The Good Behavior Game (GBG) is a team-based classroom behavior management strategy designed for early grades, helping children master the role of student and be successful at the demands of the classroom. The GBG promotes positive behavior and has shown positive long-term impacts for students.
AIR's GBG team joined the National Coordination of Mental Health, Alcohol, and Other Drugs (Brazilian Ministry of Health) to pre-pilot the Good Behavior Game in Brazil. The government of Brazil mobilized the funds through the United Nations Office on Drugs and Crime, who served as the project executors in partnership with the government team.
This is the first time that GBG has been implemented in Brazil. As part of the cultural adaptations, they renamed the game to “Elos,” meaning "links and connections." The goal of the pre-pilot was to test the feasibility and acceptability of the game and its components, as well as the potential to promote positive changes in Brazilian classrooms. Six local coaches delivered the teacher trainings and ongoing support, and AIR staff trained and supported the Brazilian federal team and the local GBG coaches.
The pre-pilot was conducted in three public schools in the state of São Paulo (two schools in the municipality of São Bernardo de Campo and one in São Paulo) and three schools in the state of Santa Catarina (two in the city of Tubarão and one in Florianópolis). A total of 1,069 students, 45 classrooms and 39 teachers participated. Students ranged in age from 6-12 years old. Elos was implemented by teachers in first through fifth grade for a period of two months in November and December, 2013.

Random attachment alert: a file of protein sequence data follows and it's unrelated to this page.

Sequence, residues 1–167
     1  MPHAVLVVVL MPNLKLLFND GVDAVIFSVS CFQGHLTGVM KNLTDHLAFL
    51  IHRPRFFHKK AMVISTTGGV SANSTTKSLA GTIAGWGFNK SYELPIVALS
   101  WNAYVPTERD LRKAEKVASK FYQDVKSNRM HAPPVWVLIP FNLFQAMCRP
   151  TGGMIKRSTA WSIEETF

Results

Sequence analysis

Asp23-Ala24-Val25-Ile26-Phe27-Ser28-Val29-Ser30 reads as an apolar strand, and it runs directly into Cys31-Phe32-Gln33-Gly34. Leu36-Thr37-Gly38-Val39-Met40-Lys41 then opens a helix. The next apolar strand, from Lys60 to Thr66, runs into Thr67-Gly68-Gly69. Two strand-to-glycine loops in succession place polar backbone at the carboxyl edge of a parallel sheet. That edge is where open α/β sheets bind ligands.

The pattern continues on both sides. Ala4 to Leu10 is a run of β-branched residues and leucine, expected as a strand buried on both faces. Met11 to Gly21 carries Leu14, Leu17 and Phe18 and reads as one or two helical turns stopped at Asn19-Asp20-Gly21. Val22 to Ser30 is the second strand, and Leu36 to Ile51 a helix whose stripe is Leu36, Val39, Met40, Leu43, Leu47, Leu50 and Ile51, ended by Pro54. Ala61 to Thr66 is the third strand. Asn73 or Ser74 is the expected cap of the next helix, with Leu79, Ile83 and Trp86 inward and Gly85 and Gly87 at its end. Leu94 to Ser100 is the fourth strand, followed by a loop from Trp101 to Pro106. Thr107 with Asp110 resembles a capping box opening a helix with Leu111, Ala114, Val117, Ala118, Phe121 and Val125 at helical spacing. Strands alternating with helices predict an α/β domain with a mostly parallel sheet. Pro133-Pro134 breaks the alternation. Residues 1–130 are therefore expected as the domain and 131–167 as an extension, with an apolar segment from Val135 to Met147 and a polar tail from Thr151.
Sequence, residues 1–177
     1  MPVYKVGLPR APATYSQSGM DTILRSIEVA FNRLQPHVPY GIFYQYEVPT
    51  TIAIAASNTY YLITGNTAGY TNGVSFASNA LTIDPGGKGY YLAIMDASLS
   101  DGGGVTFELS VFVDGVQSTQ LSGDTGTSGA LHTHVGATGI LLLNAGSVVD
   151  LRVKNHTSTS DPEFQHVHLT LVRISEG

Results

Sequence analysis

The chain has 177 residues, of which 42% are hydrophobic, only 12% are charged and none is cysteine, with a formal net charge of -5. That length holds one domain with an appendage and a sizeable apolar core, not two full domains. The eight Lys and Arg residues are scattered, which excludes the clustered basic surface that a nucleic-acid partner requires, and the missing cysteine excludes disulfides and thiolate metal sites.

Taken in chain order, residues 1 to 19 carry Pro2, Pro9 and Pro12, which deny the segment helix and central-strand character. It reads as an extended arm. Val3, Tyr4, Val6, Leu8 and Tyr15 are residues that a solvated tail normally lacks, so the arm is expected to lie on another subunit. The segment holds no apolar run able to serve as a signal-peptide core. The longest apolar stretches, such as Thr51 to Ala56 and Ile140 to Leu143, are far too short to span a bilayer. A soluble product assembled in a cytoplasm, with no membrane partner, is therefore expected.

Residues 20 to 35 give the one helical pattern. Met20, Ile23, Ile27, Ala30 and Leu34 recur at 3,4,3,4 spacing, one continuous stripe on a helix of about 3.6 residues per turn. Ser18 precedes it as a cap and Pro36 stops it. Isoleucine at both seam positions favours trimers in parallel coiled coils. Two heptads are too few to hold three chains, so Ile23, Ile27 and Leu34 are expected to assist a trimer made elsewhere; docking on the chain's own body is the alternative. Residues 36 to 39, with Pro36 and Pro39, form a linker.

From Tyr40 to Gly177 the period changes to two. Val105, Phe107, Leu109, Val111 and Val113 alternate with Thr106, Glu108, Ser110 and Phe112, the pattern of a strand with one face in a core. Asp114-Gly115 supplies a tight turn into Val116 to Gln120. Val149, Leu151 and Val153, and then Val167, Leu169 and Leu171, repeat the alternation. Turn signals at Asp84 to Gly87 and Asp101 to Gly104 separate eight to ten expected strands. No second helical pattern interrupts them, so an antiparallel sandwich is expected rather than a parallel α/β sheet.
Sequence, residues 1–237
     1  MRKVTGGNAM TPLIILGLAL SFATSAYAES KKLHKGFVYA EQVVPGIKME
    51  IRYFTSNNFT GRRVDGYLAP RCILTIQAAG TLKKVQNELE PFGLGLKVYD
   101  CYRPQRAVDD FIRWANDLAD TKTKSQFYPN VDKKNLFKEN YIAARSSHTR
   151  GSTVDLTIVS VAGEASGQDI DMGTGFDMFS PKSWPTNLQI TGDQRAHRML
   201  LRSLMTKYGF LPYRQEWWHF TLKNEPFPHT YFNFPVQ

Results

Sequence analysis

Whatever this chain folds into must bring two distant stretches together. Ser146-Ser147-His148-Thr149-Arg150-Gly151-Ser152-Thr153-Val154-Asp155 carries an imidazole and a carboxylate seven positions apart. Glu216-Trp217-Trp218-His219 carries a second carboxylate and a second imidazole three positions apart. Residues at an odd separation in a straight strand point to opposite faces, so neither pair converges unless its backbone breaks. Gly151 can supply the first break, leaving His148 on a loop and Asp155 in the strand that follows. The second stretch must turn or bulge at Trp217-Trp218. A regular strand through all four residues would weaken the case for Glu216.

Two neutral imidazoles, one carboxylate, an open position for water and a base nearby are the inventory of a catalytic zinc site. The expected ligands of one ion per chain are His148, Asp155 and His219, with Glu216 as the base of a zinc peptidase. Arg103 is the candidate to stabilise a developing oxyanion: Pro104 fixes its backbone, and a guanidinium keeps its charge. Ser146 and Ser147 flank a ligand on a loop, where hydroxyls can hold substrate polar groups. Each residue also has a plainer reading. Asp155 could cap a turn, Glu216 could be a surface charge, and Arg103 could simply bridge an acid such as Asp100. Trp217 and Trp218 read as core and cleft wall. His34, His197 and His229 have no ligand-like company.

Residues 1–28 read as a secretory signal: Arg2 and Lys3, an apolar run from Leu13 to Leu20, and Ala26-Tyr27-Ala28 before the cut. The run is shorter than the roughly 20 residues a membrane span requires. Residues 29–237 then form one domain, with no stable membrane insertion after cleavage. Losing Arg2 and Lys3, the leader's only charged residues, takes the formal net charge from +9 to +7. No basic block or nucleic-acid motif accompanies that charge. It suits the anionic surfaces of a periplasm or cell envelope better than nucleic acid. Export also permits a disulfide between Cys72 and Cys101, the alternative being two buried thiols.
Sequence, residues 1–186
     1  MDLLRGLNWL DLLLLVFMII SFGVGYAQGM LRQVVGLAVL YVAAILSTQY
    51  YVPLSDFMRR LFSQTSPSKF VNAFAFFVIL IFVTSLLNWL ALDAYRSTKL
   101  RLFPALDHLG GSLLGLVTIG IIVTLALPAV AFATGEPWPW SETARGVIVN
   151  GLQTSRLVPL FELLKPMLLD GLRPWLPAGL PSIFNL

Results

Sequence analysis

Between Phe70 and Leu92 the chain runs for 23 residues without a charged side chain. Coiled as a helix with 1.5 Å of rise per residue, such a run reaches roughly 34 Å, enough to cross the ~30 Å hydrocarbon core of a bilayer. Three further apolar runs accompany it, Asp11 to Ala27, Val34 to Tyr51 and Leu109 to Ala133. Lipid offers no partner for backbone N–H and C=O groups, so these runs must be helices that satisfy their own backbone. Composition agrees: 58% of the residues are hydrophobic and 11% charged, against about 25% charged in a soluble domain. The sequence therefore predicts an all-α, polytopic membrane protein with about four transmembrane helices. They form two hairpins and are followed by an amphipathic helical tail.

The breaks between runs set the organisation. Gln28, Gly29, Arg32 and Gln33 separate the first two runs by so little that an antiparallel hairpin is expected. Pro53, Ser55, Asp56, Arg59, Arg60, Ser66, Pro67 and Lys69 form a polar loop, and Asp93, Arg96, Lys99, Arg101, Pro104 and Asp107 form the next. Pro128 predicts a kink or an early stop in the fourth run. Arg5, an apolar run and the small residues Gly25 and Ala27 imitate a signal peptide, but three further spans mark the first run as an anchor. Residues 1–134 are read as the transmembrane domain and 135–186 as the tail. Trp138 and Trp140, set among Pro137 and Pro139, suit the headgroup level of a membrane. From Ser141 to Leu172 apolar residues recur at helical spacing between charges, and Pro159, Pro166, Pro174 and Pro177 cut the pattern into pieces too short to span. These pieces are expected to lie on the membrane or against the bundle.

Overall, teachers were positive about their experience with the Elos Game. More than 64% indicated it was simple to implement in their classrooms. On average, teachers played the game two to three times a week, for 10-30 minutes at a time, and across a range of subjects. Nearly 60% of teachers considered the game to be a useful tool for managing student behavior and would recommend it to other teachers and directors (i.e., principals). Furthermore, 53% of teachers had high motivation to continue to use the game in the classroom.
More than half of the sample of directors and teachers were in favor of continuing with the Elos Game in the future. The federal prevention team in Brazil noted that the greatest accomplishments of the game were changes in teaching practices. Teachers indicated that students learning to work in a team improved behavior in the classroom and supported the introduction of new learning strategies. While some modifications will need to be made to the model of training and support to ensure successful implementation in the Brazilian context, the Good Behavior Game (Elos) is capable of promoting positive changes in the behavior of students and teachers in Brazilian schools.